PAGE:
Now all roads lead to France and heavy is the tread
Of the living; but the dead returning lightly dance.
Edward Thomas, Roads

Thursday, December 15, 2016

Remembering a Veteran: 204232 Pte. Stephen Henshaw


By Jim Patton

My good friend John Hambidge, MBE, of Macclesfield, Cheshire, recently sent this to me:

Regimental Badge

My wife Barbara and I first came across this sad but touching story when we were researching her maternal grandfather’s WW1 history. He was 265264 Pte. Sydney Clarke, who was a member of the 1/1 Buckinghamshire Battalion, Oxfordshire and Buckinghamshire Light Infantry.  

(A quick lesson in terminology: the Buckinghamshire Battalion was one of the Volunteer Rifle Corps units too small to become a Territorial regiment in the 1907 reorganization, so they were appended to non-rifle regiments. Although there was only one battalion, this formation was officially designated the "1/1" to conform to the Territorial Order of Battle, a 1 for first line and a 1 for first battalion.)

Back to the story. 

We knew that he was lost in the Second Battle of Langemarck (16 to 18 August 1917) and is commemorated on the Tyne Cot Memorial. . .It was purely by chance that we later came across the story of 204232 Pte. Stephen Henshaw (also of 1/1 Bucks). Through the Internet, John and Barbara met Jenny Hailstone, a granddaughter of Pte. Henshaw.  

Pte. Stephen Henshaw 

Jenny Hailstone extracted this chronology from the War Diaries:

July 30th 1917 — The Battalion moved to School Camp, St Jan ter Biezin and arrived just as the artillery opened fire nearby at the start of the battle for Pilkem Ridge. 

August 4th 1917 — Battalion moved via Poperinge to Dambre Camp, one mile north of Vlamertinghe. Described as “little field furrowed with deep channels, full of water, with knolls and shell holes everywhere and a few leaky tents”. 

5th August 1917 — The Battalion went forward to relieve the Hertfordshires and Cheshires in the region of Hampshire Farm. 

7th August 1917 — Battalion relieved 5th Gloucesters on the outskirts of St Juliaan and held the front line until they were relieved at 02.00, 9th August 1917. 

15th August 1917 — Battalion left Dambre camp and began their march to the front. After “resting” at the banks of the Yser Canal, the Battalion continued on their way in pitch dark, through mud and under constant shell fire. 

16th August 1917 — The Battalion arrived at the assembly tapes on the banks of the Steenbeek at 20 minutes before zero hour, which was at 04.45hrs. . . A party. . . was sent to try and take Springfield Farm. Many were seen to fall as they passed Hillock Farm and a line of gun pits. Six men (approx) were seen to reach Springfield Farm and four were seen to be led away as prisoners. Casualties for 16th August in Bucks Battalion 54 killed 35 missing 193 wounded 5 slightly wounded.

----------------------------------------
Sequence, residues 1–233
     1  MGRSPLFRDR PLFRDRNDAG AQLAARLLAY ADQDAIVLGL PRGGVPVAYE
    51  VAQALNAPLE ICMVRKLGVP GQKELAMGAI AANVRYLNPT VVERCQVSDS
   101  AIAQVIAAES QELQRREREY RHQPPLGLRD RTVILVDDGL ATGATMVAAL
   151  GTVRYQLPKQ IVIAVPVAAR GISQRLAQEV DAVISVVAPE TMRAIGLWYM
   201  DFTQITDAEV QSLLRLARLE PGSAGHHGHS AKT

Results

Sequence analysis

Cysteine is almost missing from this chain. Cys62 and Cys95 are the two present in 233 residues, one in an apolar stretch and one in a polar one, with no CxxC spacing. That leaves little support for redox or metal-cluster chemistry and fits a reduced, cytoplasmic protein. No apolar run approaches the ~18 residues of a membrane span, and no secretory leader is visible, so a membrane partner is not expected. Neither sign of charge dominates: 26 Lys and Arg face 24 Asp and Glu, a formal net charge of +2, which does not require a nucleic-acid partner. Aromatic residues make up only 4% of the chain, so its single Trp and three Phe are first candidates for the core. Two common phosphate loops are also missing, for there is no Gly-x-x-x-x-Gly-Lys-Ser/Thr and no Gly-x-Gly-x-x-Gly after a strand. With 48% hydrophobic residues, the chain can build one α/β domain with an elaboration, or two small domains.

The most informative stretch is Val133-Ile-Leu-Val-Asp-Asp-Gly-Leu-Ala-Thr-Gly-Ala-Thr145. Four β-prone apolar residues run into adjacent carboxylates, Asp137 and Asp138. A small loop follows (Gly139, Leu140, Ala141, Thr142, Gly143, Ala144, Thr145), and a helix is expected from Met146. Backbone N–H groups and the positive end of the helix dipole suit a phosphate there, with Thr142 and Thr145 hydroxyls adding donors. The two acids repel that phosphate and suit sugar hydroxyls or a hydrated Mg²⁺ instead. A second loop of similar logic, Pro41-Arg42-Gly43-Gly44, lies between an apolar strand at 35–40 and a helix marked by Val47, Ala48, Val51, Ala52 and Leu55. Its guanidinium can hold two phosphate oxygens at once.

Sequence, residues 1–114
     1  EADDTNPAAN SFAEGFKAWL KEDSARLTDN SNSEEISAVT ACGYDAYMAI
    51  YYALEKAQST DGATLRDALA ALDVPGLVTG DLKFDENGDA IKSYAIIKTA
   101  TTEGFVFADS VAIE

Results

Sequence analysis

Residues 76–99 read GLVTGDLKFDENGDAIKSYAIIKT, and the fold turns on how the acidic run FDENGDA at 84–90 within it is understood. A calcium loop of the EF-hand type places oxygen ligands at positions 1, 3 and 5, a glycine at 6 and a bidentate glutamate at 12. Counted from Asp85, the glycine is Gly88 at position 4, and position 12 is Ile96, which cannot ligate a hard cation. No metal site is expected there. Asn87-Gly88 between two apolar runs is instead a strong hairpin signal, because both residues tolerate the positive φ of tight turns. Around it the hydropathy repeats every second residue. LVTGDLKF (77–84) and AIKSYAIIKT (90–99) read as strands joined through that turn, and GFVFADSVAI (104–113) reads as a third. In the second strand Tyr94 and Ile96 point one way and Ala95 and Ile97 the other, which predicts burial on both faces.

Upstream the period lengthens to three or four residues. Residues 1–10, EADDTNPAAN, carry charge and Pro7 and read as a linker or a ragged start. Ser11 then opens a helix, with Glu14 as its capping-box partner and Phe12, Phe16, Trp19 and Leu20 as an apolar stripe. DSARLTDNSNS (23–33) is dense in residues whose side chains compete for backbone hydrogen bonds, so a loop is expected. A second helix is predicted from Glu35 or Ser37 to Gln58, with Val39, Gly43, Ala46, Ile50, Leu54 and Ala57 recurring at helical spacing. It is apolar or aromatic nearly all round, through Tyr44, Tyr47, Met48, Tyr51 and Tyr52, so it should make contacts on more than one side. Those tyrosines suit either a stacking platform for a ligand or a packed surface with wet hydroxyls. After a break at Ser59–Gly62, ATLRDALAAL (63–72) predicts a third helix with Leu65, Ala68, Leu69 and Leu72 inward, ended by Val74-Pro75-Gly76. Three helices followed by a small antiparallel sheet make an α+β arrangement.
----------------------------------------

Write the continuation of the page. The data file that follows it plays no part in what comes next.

Pte. Henshaw was one of the soldiers who attacked Springfield Farm. He was hit by shrapnel and was lying in a shell hole with a mangled right leg, where he remained until he was found still alive six days later on 22 August. He was taken to 1/3 South Midland Field Ambulance at Gwalia Farm and then to Casualty Clearing Station 61 near the Abbey Sint-Sixtus at Westvleteren. Family lore says that he was visited by his nephew, who was a stretcher bearer in the RAMC, before he died on 23 August. He is buried in Dozinghem CWGC Cemetery, Plot III Row H 7. 

Stephen Henshaw Is Remembered Today Where He Fell

Jenny has a letter written to her grandmother which reads:

He was reported as missing, but is now reported as having died. He was a good soldier, he and the soldiers with him went right on to their objective and there they fought until only the last one or two taken prisoner. I sympathize much with you in your sad loss and hope you find comfort in his gallant death.

Stephen was born in 1887. He married in 1910, worked in a brick factory, and enlisted at Birmingham in February 1917. He was first assigned to 2/4 Ox & Bucks LI (when the photograph above was taken). He went to France in June and was transferred to 1/1 Bucks on 12 July. The attack on 16 August was his first action.

He left his wife and three children, the youngest aged eight months. Sarah Henshaw never remarried and died in 1971 aged 84 years. According to Jenny she never saw her husband’s grave until she was given a photograph in the 1960s. 

John and Barbara again:

But the story doesn’t stop there. In 2000 Jenny found some locals who were able to guide her to the site of Springfield Farm. In 2003 she revisited the site and left a laminated sheet describing Pte. Henshaw’s story attached to a fence. Imagine then her surprise when on her next visit a year later she found that the landowners had at their own expense procured and erected a memorial marker which bears the text of her document.

The marker is located near Keerselaar, West-Vlaanderen.




3 comments:

  1. Touching story - thanks for sharing and thanks to the landowners for remembering the dead of the war.

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  2. I cannot help but own and express feelings of melancholy during and after reading this. What was it that Stephen Henshaw did that earned him the horrible disfigurement and death? When will the world learn cooperation is far less costly than confrontation? Not until, I suspect, the last human passes. Until then I am grateful for the men and women at the sharp end of the stick, protecting me from people not that unlike me.

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